chamomilla recutita; matricaria recutita; chamaemelum nobile; matricaria chamomilla; anthemis nobilis.
Roman Chamomile; German Chamomile (aka Hungarian Chamomile – is more popular and is thought to have greater healing powers); Manzanilla (Spanish); Maythen (Saxon); True Chamomile. AKA the “All Around Comforter”.
Anthemis nobilis (Roman); Matricaria recutita (German)
British Isles, Europe, Russia and Asia. It often grows near roadsides, around landfills, and in cultivated fields as a weed because the seeds need open soil in order to survive.
The flowers and herb.
The use of chamomile can be dated back to the ancient Egyptians and because they regarded it as such a powerful healing plant, they dedicated it to their gods. Today, it is still considered as one of the “heal all” remedies of the herbal world. The Greeks called it chamaimelon meaning “ground apple” due to its apple-like scent and the Spaniards called it manzanilla meaning “little apple”.
It is one of the oldest and most favoured garden herbs and is still known as the “medicinal plant”. In the past, it was regarded as the “Plant’s Physician” meaning if other plants in the garden were looking weak and dreary, they will recover if chamomile was planted near it!
When walked on, it produces a strong and fragrant scent and for this reason it was used as an aromatic stewing herb during the Middle Ages. Today, it can still be used in cookery and added into salads for colour and flavor.
Medicinal Uses & Properties
* Chamomile has been found to contain fairly strong anti-inflammatory ingredients and is particularly effective in treating stomach and digestive problems such as menstrual cramps and Irritable Bowel Syndrome (IBS). Externally, it can be applied alone or with other herbs as a compress to relieve pain, swellings, inflammation and neuralgia.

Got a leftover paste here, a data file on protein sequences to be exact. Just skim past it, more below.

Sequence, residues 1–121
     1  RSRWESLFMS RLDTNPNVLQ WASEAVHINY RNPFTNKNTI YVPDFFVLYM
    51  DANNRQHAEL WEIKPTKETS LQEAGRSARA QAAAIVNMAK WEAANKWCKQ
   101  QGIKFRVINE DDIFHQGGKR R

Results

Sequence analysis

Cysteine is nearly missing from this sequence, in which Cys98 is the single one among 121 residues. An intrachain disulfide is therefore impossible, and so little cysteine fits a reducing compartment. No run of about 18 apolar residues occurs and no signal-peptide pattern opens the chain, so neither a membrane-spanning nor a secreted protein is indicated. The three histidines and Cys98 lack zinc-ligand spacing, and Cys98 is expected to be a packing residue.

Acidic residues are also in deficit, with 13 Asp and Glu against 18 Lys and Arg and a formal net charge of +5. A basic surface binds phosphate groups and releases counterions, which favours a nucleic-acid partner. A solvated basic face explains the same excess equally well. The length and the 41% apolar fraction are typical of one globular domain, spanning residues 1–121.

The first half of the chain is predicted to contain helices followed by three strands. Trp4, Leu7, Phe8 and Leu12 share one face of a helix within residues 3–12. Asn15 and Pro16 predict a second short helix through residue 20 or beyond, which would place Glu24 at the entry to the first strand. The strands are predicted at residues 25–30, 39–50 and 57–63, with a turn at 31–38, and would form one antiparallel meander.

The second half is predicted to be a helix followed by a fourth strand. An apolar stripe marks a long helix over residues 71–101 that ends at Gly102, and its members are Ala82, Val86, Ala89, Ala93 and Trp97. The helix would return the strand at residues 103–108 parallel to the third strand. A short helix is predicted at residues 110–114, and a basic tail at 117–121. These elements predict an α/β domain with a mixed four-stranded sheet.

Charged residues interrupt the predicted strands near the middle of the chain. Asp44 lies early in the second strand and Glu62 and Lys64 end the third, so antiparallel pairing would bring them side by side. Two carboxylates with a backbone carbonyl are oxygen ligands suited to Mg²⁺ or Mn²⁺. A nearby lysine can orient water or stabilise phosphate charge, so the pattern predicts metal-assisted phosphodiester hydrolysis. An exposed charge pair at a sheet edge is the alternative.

* It also contains anti-spasmodic properties which means it relaxes the smooth muscles that line the digestive tract and uterus, to help ease an after-meal stomach-ache or help soothe the ‘time of the month’ cramps.
* Chamomile can be used to aid sleep, help combat insomnia, sleep disturbances, and anxiety as it is a natural sedative. A chemical found in the plant called apigenin calms the central nervous system and can soothe frayed nerves before bedtime and make it easier to drift off to sleep. Because of its powerful soothing and calming effects, it is safe to use on irritable babies and restless children.
* It has strong antiseptic properties which makes it invaluable to treat burns, rashes, skin irritations, infections, heal minor wounds and reduce swelling in the form of an ointment. It can treat flatulence, bring relief to sufferers of arthritis (as can reduce the stomach eroding effects of painkillers and other related drugs) and can be used as a mouthwash to soothe gingivitis (inflammation of the gums), help fight gum disease and speed up the healing of mouth ulcers.
* In the past. an infusion of chamomile herbal tea can be an effective remedy for treating hysterical and nervous conditions in women and also promote menstrual discharge.
* Generally good for skin and hair, chamomile can be infused into creams and shampoo and blended into oils for aromatherapy. As a lotion, it can be applied to ease toothache, earache and neuralgia.
decoction; infusion; herbal tea blend; fluid extract and essential oil.
Possible Side Effects
* Chamomile is part of the Asteraceae plant family, which includes ragweed, asters and chrysanthemum. If you are allergic to plants from this group, then it’s best to avoid chamomile altogether.
* Although highly recommended for pregnant women by health professionals who work with herbs, high doses can cause allergic reactions, can stimulate uterine contractions, could cause miscarriages and premature labour.
* Chamomile contains the chemical coumarin, a naturally-occurring compound with anticoagulant (blood-thinning) effects so shouldn’t be taken with blood thinning drugs such as aspirin, heparin and warfarin.
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